• Distributed router (DR)

    A DR spans ESXi hosts whose virtual machines are connected to this logical router, and edge nodes the logical router is bound to. Functionally, the DR is responsible for one-hop distributed routing between logical switches and logical routers connected to this logical router.

  • One or more (optional) service routers (SR).

    An SR is responsible for delivering services that are not currently implemented in a distributed fashion, such as stateful NAT.

A logical router always has a DR. A logical router has SRs when it is a Tier-0 router, or when it is a Tier-1 router and has routing services configured such as NAT or DHCP.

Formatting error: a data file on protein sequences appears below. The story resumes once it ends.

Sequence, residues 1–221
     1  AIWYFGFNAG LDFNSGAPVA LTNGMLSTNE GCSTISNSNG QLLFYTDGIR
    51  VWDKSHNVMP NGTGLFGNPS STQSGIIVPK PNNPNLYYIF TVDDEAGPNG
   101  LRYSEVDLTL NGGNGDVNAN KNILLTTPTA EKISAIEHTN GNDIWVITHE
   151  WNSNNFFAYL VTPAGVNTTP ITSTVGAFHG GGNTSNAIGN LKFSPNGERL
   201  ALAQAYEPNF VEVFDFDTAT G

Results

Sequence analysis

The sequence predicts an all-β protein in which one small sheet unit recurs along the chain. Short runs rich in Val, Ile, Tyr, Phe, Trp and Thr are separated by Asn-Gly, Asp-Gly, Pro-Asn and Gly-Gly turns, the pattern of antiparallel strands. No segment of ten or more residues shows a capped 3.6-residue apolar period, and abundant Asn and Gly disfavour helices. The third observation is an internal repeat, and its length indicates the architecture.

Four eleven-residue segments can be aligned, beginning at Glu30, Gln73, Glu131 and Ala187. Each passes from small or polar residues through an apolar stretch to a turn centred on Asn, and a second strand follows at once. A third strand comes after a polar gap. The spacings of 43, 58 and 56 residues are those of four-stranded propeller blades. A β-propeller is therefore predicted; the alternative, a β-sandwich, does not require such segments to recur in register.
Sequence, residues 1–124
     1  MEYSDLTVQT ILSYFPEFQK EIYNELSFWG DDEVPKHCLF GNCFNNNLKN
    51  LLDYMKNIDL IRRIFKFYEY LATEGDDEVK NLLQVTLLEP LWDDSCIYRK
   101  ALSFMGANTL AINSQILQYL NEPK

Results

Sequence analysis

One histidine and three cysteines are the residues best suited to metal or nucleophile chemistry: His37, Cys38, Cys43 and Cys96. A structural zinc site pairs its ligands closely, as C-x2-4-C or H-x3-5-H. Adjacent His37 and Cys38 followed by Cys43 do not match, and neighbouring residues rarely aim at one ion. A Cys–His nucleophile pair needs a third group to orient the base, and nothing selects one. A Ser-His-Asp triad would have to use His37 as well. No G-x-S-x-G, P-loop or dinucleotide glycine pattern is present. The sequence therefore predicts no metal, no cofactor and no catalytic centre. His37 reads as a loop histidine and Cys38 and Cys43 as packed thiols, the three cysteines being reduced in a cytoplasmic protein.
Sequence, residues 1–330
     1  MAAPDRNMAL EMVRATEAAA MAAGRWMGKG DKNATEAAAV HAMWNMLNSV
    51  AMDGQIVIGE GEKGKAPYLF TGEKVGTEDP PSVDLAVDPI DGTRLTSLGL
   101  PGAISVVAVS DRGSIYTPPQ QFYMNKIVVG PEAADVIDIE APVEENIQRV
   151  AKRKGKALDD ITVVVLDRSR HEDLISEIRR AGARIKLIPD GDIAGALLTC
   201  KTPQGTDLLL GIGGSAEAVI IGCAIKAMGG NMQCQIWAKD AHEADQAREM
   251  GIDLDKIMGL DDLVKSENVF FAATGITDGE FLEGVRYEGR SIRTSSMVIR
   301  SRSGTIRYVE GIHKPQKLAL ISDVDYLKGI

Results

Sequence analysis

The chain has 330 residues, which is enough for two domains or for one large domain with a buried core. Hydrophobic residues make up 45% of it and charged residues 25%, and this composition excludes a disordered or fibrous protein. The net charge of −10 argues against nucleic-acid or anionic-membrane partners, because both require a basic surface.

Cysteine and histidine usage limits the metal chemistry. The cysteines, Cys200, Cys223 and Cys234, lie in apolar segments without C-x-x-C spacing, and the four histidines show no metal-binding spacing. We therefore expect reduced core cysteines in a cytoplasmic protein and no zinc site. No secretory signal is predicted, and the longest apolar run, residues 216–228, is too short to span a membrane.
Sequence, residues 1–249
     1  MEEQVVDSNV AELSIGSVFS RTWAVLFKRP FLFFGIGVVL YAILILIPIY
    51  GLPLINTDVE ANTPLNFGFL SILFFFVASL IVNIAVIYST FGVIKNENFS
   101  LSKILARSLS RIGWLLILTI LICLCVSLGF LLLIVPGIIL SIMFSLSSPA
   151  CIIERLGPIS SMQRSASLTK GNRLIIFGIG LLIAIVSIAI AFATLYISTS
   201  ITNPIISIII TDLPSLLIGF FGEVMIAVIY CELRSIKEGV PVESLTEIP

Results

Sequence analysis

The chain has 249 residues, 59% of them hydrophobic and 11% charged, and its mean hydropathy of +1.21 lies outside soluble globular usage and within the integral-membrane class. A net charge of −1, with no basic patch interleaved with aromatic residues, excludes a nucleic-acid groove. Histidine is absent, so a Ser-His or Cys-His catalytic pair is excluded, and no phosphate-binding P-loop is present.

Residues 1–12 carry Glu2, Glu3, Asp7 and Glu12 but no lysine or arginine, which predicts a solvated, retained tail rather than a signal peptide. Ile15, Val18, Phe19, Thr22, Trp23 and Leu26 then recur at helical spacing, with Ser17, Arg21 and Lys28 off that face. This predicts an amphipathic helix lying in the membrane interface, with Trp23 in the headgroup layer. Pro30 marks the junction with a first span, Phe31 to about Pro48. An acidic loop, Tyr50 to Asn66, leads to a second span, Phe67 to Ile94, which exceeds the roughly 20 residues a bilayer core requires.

Tunnel Endpoint

Tunnel endpoints enable ESXi hosts to participate in an NSX-T overlay. The NSX-T overlay deploys a Layer 2 network on top of an existing Layer 3 network fabric by encapsulating frames inside packets and transferring the packets over an underlying transport network. The underlying transport network can be another Layer 2 networks or it can cross Layer 3 boundaries. The Tunnel Endpoint (TEP) is the connection point at which the encapsulation and decapsulation take place.

NSX-T Edges

NSX-T Edges provide routing services and connectivity to networks that are external to the NSX-T deployment. You use an NSX-T Edge for establishing external connectivity from the NSX-T domain by using a Tier-0 router using BGP or static routing. Additionally, you deploy an NSX-T Edge to support network address translation (NAT) services at either the Tier-0 or Tier-1 logical routers.